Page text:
This course is aimed at adults who are curious about games and how to make them. You do not need to have any prior experience in any aspect of the game development to qualify for this course. If you are interested and willing to learn, then you are already prepared!


Here is what you will have achieved by the end of the course:

  • You will have made your first tiny game – a retro arcade classic hi-score chaser – using PICO-8,
  • shared your tiny creation with the world using PICO-8’s online platform.


Students are required to:

  • Bring their own laptop with cables.
  • Be familiar with using computers and browsing the internet.
  • Supply a contact email address for course correspondence and registering their copy of PICO-8.

A copy of PICO-8 is required for the course. This is included in the course price. If you already have your own copy of PICO-8 please contact us before the course begins.

What is PICO-8?

PICO-8 is a “fantasy console” created by Lexaloffle. A fantasy console is an application that emulates the restrictions of retro-era game consoles, mostly used by hobbyists.

PICO-8 also provides simple yet powerful tools to make and share your own retro style games. It is designed to make developing games a joy.

The artificial limitations built into PICO-8 serve as a walled sandbox that you can play with. It’s often easier for us humans to be creative within clear limitations. It is also very common that beginners over-scope their projects. PICO-8 solves some of the problems of over-scoping your project by virtue of these limitations. Many hobbyist game developers and educators use PICO-8 to make their first games and teach concepts of programming.

Regarding programming, PICO-8 uses it’s own subset of the Lua programming language. Lua is commonly used in the Game industry to allow people to develop their own custom game “mods” for their favourite games on Desktop platforms (Windows/Mac/Linux). If you are curious about the application of your programming skills after the course, your familiarity with PICO-8’s Lua can translate into Lua, which can be used to develope larger games. The approach to coding, testing and fixing your code will be applicable everywhere!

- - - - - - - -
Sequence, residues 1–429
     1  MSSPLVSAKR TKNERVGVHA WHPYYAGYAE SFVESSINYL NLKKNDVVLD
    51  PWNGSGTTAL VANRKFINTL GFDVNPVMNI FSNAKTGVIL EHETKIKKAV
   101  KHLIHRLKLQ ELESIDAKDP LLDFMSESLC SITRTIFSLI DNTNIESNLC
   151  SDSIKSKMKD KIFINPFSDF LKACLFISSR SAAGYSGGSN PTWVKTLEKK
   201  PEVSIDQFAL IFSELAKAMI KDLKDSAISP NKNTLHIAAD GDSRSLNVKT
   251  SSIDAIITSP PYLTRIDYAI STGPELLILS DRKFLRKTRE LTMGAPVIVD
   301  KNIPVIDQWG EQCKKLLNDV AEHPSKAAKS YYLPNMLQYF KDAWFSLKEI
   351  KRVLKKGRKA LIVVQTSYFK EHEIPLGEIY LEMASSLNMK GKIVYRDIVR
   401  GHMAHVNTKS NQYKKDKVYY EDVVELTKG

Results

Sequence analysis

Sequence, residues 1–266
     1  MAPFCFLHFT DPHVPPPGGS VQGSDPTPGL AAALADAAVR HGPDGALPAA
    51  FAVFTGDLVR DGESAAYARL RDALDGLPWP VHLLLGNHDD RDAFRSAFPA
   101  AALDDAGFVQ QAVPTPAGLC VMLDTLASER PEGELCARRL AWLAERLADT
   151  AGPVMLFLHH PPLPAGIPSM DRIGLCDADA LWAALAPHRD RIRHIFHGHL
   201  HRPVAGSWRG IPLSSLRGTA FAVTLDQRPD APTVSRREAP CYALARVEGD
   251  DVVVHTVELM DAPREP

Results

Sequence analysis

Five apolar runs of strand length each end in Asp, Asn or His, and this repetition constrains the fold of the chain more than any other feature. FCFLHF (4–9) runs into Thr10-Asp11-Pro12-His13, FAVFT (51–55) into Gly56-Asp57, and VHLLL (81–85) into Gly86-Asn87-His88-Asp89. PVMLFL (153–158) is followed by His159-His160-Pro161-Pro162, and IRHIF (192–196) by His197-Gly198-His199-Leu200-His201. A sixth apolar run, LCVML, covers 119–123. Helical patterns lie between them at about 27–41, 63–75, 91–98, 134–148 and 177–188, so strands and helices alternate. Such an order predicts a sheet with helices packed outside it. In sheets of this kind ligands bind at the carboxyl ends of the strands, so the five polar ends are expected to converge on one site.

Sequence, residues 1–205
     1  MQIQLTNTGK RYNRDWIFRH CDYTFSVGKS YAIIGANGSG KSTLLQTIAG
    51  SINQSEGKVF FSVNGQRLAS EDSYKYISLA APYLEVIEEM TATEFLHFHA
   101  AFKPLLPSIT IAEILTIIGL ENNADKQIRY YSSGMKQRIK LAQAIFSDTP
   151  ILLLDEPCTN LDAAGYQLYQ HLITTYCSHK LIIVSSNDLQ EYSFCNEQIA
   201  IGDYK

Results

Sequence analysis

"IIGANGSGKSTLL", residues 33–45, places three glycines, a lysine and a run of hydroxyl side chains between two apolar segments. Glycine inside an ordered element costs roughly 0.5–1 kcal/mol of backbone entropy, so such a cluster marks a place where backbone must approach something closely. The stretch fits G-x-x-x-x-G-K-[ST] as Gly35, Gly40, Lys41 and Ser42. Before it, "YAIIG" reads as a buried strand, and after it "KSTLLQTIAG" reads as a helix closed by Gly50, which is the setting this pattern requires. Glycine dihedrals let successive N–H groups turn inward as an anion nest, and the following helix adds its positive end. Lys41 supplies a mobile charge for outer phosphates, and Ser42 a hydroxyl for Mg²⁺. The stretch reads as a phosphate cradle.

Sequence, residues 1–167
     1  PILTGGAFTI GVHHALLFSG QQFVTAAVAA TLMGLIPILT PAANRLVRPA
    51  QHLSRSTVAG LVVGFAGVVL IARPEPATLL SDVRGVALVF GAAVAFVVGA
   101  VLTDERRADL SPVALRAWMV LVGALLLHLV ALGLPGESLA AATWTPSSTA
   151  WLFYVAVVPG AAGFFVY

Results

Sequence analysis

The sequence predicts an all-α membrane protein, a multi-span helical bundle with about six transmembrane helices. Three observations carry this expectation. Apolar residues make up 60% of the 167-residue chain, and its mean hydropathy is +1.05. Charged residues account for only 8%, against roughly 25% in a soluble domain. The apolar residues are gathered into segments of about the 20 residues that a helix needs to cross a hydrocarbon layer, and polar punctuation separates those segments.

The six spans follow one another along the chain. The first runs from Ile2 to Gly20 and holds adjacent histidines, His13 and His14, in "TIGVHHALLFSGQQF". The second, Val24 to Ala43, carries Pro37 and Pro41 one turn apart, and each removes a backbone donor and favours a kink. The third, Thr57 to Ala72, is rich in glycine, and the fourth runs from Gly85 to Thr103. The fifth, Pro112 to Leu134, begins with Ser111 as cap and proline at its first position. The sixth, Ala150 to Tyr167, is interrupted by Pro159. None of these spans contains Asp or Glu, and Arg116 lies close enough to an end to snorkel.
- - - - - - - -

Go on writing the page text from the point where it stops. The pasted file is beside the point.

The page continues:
Course Goals

Here are the goals we hope to achieve with our course.

Teach beginners that they can make games

Give anyone who is curious about games a taste of game development.

Focus on skills and approach

Empower and encourage course participants to continue making their own games after the course has finished by applying a practical approach to classwork.

Provide a friendly, safe learning environment

We (Mind Cauldron and Just Art It, Galway) believe that you deserve to be comfortable and safe, to enjoy learning, and simply in general! We have a Code of Conduct that helps us to keep everything in order which every student and tutor must read, understand and agree to before they can attend or participate in the course.

About the Tutor

Darren Kearney (Mind Cauldron) is a game developer and game development community leader based in Galway, Ireland. Darren has been running game jams (game making events), workshops, courses and other game development related events in Galway and around Ireland since 2014.

Darren organises a lot of local game development related events. He’s an organiser behind Galway Game Jam, is a board member of Global GameCraft CLtG., organiser of monthly local game developer meetup group 1GAM Galway, and was the site organiser for Global Game Jam ‘19 at PorterShed, Galway.

Organising and participating in game making events for over 4 years has given Darren insight into the common pitfalls faced by people making games. Darren will guide you through making your own tiny game, highlighting these pitfalls so you can avoid them. Darren is also super friendly guy who wants to bring the joy and challenge of making games to anyone in Galway who has a notion of making games! Darren also sports an impressive beard, so we suspect he has hidden wizardly powers!

Teaching Style

Darren uses a practical, workshop style approach.

You will be following along with instruction rather than listening to a lecture. By going step by step through the process of making a tiny game, highlighting key concepts along the way, you will gain more confidence and remember the lesson better.

You are encouraged to focus as the time will be limited. You are welcome to ask questions (which is why we keep the class size small!). When faced with something you don’t understand, that’s totally normal and okay. Darren will offer an explanation if asked and wants you to feel comfortable making mistakes and playing around with the possibilities, both during and after the course.

All participants are required to agree to out Code of Conduct.